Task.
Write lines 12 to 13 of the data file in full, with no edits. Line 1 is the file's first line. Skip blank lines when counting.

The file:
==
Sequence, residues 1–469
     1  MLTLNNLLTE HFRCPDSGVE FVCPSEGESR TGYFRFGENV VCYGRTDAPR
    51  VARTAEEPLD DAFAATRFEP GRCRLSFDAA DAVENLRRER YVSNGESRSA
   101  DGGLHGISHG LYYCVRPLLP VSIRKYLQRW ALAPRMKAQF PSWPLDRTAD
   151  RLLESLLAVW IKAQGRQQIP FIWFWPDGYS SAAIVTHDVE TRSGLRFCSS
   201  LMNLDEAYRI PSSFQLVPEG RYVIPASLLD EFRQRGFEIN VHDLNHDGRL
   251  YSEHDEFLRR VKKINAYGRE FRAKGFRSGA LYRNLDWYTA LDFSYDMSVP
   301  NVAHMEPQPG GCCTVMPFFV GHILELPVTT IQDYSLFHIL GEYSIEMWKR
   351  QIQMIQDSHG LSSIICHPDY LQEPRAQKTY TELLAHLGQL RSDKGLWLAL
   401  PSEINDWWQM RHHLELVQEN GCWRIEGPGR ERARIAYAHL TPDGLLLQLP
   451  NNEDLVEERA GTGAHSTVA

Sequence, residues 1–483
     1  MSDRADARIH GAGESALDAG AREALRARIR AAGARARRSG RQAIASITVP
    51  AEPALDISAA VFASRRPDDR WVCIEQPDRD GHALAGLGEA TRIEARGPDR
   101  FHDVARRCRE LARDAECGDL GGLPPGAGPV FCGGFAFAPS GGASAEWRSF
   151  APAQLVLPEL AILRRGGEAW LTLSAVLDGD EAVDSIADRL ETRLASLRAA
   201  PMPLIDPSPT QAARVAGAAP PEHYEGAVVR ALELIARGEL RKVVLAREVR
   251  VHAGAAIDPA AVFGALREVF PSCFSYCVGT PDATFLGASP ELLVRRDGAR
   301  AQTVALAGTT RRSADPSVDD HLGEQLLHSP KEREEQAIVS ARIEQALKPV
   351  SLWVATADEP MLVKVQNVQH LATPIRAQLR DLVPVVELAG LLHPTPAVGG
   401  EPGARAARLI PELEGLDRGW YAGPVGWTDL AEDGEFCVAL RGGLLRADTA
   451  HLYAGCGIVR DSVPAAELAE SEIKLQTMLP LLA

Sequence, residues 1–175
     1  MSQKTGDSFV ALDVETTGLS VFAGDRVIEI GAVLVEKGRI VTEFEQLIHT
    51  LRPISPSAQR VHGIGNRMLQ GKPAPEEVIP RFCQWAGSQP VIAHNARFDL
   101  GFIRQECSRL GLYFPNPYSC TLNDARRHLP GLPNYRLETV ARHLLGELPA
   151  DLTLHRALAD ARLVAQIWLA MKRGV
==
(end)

Sequence, residues 1–483
     1  MSDRADARIH GAGESALDAG AREALRARIR AAGARARRSG RQAIASITVP